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As many Villanovans spent their three-day weekend catching up on some much-needed sleep, a special group of dedicated volunteers were up before 6 a.m. on Monday participating in the seventh annual Martin Luther King Jr. Day of Service. These students willingly devoted an entire day to working toward the loving and accepting nation that King Jr.  believed was possible.

The mission statement of the MLK Day of Service committee states, “An individual has not started living until he can rise above the narrow confines of his individualistic concerns to the broader concerns of all humanity,” according to the University website.

“The Martin Luther King Jr. Day of Service was created so that students of the Villanova community would get a deeper understanding of what it means to truly serve their community,” sophomore Jonathan Caggiano says. Caggiano shadowed the head chair of MLK Day of Service, and he witnessed first-hand how students engaged in service to pay homage to King Jr.’s dream.

Most of us on campus are quite familiar with the annual St. Thomas of Villanova Day of Service, but fewer are familiar with what truly occurs during the Martin Luther King Jr. Day of Service and how the two opportunities differ.

Though both are dedicated to service, the MLK Day of Service provides volunteers with an ability to serve on a much smaller scale, often increasing their ability to form intimate relationships with both their fellow volunteers and the people they are serving.  This provides a unique opportunity for a different type of service experience.

“Many of our service sites request only a few students,” Caggiano says,  “and thus students have come back in the past and said that the MLK Day of Service provides them with a more intimate service experience where they are able to not only bond with each other but also with the service site coordinators.”

During send-off, volunteers watched a video that was created in order to make them more aware of King Jr.’s beliefs and the values he stood for during his lifetime.

The video featured quotes from King Jr. himself, such as, “Faith is taking the first step even when you don’t see the whole staircase,” and “If we are to go forward, we must go back and rediscover those precious values—that all reality hinges on moral foundations and that all reality has spiritual control,” as well as “All labor that uplifts humanity has dignity and importance and should be undertaken with painstaking excellence.”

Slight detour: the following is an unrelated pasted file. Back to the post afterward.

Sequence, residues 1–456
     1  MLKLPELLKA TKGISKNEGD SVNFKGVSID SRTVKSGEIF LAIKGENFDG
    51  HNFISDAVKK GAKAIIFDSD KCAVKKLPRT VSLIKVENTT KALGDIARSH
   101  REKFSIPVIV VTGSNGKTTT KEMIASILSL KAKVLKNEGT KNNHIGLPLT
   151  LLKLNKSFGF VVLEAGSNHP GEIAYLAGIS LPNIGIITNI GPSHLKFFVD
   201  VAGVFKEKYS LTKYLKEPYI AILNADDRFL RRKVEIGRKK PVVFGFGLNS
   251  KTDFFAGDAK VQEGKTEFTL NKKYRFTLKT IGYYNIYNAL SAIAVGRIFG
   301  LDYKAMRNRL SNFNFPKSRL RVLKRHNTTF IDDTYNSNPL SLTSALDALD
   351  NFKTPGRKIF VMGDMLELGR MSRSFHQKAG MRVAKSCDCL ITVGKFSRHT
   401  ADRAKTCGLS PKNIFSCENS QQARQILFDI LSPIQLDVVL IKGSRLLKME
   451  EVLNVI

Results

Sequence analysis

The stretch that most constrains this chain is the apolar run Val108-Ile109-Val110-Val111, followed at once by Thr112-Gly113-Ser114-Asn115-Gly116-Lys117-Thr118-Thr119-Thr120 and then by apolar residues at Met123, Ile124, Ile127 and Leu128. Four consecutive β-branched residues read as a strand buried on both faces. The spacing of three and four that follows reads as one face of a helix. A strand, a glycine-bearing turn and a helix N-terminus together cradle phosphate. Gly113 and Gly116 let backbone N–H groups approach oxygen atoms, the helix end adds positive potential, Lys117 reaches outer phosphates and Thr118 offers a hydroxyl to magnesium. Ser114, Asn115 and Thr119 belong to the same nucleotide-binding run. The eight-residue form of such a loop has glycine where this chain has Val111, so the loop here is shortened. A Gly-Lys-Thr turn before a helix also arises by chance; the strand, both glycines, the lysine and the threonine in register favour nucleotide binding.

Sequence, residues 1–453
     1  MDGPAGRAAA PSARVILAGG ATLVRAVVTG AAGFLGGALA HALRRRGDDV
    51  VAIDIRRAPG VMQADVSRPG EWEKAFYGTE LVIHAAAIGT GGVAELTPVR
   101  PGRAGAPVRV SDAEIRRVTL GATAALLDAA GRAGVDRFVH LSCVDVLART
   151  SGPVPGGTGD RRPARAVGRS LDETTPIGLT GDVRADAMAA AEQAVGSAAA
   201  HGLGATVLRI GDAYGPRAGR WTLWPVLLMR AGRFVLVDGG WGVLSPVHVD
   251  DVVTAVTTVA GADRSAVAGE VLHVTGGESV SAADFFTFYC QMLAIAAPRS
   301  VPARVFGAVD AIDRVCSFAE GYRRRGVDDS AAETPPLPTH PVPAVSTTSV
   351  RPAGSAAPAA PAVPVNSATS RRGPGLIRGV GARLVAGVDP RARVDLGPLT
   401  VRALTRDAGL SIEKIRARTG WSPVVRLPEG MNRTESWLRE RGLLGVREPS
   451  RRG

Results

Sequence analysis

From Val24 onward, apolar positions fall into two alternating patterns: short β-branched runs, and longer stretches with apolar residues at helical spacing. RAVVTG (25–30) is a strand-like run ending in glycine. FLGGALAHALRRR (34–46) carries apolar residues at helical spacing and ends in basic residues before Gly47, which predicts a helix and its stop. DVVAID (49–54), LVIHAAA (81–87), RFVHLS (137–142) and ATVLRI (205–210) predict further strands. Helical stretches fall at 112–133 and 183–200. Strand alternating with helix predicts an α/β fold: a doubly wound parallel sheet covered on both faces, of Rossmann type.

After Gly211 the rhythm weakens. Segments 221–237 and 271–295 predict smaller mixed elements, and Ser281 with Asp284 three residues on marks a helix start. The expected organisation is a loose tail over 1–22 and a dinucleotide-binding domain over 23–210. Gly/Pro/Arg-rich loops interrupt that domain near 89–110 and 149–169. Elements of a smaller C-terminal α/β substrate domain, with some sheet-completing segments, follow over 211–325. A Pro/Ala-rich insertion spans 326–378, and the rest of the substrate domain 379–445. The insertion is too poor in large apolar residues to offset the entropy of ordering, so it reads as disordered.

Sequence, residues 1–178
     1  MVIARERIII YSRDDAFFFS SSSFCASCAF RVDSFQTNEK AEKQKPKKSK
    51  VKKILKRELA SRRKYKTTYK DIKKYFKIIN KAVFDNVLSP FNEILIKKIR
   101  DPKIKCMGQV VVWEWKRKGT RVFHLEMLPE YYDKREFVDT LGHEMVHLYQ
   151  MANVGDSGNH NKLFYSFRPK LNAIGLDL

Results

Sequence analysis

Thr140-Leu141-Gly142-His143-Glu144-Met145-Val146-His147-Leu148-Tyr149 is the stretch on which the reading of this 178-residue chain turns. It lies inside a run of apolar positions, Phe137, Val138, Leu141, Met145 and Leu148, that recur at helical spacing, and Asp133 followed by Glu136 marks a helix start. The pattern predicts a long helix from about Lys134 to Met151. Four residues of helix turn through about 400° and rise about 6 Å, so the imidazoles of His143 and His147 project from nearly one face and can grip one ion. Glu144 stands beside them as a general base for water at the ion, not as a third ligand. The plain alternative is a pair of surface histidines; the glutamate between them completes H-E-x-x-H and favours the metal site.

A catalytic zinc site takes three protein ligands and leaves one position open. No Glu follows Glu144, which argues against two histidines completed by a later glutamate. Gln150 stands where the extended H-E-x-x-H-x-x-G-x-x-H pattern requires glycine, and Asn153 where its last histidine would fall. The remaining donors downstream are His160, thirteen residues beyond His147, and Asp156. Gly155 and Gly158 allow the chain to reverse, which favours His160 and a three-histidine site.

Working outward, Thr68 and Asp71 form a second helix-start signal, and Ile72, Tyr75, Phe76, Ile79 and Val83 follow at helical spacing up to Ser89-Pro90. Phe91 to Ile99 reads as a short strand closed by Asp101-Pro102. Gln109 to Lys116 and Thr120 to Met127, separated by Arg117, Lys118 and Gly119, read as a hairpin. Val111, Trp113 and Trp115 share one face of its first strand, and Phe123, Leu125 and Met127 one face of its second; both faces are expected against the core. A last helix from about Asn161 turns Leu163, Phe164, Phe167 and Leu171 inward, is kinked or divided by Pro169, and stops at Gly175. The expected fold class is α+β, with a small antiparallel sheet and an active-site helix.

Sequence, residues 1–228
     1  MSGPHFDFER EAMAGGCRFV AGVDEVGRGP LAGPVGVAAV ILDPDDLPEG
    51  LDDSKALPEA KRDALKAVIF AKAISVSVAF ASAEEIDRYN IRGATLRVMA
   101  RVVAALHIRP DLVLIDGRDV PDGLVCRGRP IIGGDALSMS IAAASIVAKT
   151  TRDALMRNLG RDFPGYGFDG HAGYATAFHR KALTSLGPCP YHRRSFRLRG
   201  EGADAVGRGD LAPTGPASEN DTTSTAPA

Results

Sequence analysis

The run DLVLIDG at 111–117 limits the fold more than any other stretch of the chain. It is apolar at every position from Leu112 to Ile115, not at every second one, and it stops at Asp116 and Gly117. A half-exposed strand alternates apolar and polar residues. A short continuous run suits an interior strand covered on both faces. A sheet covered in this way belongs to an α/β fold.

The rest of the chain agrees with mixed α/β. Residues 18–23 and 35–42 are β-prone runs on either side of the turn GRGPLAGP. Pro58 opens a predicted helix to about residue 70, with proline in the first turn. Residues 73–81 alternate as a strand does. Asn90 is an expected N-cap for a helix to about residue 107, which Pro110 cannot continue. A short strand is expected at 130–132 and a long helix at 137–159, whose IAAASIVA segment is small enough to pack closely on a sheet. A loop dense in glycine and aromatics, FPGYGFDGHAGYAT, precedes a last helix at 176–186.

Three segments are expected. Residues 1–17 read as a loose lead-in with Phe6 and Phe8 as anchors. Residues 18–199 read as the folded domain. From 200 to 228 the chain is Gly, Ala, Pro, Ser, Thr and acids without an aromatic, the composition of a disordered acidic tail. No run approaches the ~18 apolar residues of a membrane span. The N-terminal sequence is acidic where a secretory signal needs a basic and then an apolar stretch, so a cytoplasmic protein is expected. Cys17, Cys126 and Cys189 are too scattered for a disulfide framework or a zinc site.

These quotes were offered as inspiration for  volunteers to serve selflessly and wholeheartedly, gathering all of their efforts toward making this day as successful as possible.

Service on this day was not only offered to the Greater Philadelphia area, but also beyond with the inclusion of the “Let’s Move Camps.”

These camps were founded on the basis of First Lady Michelle Obama’s “Let’s Move” campaign to stop childhood obesity and create a generation that can enter into adulthood at a healthy weight.

Here on campus, the “Let’s Move Camps” brought together student athletes and elementary school children from Sanoka Freedom Academy and Discovery Charter School in Philadelphia to work together throughout the Day of Service.

These students spent the day engaging in different types of sports camps with the University’s athletes, while learning about proper eating habits and enjoying a nutritious lunch.

Not only did the athletes provide an enjoyable day for the children, but they also played a part in educating the next generation of leaders. Visiting students now understand how fulfilling it can be to live a healthy and active lifestyle.

The theme of this year’s Day of Service was based on the phrase “Unfulfilled Dreams.” Through the “Let’s Move Camps,” athletes hoped to inspire elementary school children to believe that they can accomplish whatever they put their minds too, and that no dream is too big to be realized.

The Martin Luther King Jr. Day of Service concluded with the Dream Dinner, which brought participants and their leaders together in order to reflect on the service they had just engaged in throughout the day.

“The Dream Dinner helps the leaders, the volunteers and the committee better connect with each other,” Caggiano says. “Not only do volunteers share their experiences with members of their group but they also come together in random groups and share their experiences with others. They share their experiences through reflection questions, and we feel that this helps them gain something genuine and valuable from this day of service.”

Whether volunteers were working directly in the Greater Philadelphia area or here on campus mentoring elementary school children, the relationships they formed reflected the acceptance and change that King Jr. wished to see in the world. As King Jr.  said, “The time is always right to do what is right.”

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